The OIG acknowledges that none of these considerations, standing alone or in combination, necessarily evidenced fraud or abuse. In the end, however, the OIG could not get past the differential in acquisition costs between the orthopedic surgeons and the hospital, which would result in financial gain “to a subset of physician investors whose [ongoing] referrals may be particularly valuable” to the ASC (and, presumably, the hospital itself).

The sponsors of this Advisory Opinion may well have thought the fact pattern submitted to the OIG contained sufficient protections to obtain the OIG’s blessing – particularly where a single, one time transaction, involving a certified fair market value purchase price, was involved. The OIG, however, has long been wary of any form of hospital-physicians combination, and could not find comfort in this proposal either. In the end, it appears this overriding concern, which now seems to have risen to an intractable policy level, carried the day.

This said, it is nonetheless important, to place the narrow nature of the Advisory Opinion in context. First, as with any Advisory Opinion request, the sponsors were seeking the OIG’s blessing of the proposal, a high bar indeed; that the proposal was not condoned, nor deemed to fall within a safe harbor, but instead considered to involve “potential risk,” does not, of course, make the transaction illegal. Second, as noted above, the facts here are particularly important. This transaction involved a) the purchase of ownership interests by a hospital b) from a subset of existing physician owners, c) which physician owners would remain as referrers to the ASC and, presumably, the hospital itself. Thus, as we caution when a “positive” Advisory Opinion is issued, this Advisory Opinion, too, must technically be considered to apply only to the parties and facts involved.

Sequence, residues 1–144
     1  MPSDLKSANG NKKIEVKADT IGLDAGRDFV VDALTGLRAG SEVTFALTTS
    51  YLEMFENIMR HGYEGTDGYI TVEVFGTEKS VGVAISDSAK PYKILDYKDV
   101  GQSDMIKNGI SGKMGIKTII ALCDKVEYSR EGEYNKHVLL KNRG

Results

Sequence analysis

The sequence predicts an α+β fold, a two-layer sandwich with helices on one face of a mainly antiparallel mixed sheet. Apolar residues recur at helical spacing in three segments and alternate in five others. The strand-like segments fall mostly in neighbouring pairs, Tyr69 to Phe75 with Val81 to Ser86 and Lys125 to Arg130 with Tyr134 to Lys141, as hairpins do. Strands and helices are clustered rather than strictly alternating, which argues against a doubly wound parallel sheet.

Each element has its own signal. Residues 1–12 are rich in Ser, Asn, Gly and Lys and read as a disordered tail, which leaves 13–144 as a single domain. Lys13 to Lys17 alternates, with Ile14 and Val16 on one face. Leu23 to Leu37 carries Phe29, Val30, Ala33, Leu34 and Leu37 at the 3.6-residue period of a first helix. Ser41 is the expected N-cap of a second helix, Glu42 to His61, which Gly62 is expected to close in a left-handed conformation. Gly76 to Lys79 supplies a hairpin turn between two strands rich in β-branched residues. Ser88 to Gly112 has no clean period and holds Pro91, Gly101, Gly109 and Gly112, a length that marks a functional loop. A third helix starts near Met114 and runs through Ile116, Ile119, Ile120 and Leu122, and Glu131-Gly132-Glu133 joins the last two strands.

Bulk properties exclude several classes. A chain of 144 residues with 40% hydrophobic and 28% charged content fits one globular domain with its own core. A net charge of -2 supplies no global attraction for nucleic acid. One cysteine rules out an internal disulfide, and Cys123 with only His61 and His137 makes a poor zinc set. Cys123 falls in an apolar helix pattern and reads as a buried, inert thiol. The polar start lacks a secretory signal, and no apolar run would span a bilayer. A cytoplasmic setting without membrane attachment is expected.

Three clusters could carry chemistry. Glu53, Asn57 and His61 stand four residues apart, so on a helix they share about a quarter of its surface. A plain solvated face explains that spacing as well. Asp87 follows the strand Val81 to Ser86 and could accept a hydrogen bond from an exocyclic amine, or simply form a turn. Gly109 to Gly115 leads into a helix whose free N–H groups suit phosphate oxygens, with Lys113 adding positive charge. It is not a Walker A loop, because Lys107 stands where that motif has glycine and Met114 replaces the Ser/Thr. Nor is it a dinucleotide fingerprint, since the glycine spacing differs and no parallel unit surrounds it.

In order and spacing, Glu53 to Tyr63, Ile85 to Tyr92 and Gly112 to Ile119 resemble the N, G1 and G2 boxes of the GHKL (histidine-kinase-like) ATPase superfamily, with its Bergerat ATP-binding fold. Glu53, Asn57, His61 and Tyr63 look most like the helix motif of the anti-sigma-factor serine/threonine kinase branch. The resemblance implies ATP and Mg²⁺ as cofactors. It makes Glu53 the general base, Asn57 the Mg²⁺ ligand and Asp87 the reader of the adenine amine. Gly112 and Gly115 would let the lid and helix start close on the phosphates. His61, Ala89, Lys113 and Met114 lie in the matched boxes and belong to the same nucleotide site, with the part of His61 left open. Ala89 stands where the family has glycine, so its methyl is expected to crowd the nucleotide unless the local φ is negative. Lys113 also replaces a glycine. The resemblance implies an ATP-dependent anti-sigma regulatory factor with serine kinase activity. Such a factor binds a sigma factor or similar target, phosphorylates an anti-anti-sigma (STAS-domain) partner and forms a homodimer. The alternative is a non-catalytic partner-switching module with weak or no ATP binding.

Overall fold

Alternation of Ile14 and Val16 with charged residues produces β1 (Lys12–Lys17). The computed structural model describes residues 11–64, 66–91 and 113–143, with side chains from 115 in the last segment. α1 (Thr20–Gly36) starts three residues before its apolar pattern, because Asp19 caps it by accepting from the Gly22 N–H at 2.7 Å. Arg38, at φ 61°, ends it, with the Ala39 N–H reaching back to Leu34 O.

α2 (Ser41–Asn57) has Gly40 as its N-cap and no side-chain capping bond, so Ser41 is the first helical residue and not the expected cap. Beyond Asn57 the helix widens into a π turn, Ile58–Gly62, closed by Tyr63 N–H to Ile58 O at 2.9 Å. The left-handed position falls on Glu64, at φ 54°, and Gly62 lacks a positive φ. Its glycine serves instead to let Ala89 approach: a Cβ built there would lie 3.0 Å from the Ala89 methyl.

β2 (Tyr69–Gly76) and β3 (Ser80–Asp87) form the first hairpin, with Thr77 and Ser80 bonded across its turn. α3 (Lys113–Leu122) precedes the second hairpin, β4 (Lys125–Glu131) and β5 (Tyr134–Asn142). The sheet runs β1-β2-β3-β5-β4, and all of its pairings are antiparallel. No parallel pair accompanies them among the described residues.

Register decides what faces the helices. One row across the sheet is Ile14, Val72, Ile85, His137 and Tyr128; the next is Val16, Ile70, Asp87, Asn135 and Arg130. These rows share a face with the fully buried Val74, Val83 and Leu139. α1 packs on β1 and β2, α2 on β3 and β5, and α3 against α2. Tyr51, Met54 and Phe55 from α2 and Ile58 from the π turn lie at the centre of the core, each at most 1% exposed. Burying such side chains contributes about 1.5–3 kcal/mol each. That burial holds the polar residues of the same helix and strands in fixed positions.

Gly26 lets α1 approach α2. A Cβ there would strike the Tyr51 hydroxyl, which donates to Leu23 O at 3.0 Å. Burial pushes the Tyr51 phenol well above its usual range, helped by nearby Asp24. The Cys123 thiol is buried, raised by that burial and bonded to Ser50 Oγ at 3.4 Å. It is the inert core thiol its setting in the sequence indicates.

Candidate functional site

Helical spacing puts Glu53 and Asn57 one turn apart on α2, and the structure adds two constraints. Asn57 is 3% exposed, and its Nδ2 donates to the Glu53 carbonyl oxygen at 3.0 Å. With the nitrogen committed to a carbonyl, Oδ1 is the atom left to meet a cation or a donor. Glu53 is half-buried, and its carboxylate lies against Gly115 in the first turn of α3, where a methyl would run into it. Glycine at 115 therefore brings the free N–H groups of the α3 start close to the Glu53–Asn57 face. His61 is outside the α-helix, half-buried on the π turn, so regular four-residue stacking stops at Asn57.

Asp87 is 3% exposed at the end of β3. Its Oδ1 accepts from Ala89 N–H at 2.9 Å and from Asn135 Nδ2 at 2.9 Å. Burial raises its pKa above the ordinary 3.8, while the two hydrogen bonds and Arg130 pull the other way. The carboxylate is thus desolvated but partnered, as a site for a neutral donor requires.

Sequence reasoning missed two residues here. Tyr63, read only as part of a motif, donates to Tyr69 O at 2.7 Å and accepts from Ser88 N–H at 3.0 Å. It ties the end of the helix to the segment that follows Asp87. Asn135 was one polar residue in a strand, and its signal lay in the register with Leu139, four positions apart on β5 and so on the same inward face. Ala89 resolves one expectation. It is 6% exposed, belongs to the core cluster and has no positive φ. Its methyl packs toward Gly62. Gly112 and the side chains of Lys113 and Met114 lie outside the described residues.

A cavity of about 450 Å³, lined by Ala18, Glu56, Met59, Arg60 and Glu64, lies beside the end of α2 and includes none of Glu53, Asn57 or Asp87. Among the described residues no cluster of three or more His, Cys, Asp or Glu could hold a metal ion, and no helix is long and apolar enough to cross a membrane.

In sum, Advisory Opinion 07-05 may well serve as the most recent harbinger of heightened government concern over hospital-physician financial relationships. All such relationships naturally carry some risk and must be carefully analyzed and constructed. Certainly, and more specifically, hospital acquisitions of equity interests in physician-owned ASCs, where the selling physicians remain active in and continue to refer to the ASC, have now become particularly difficult to properly craft.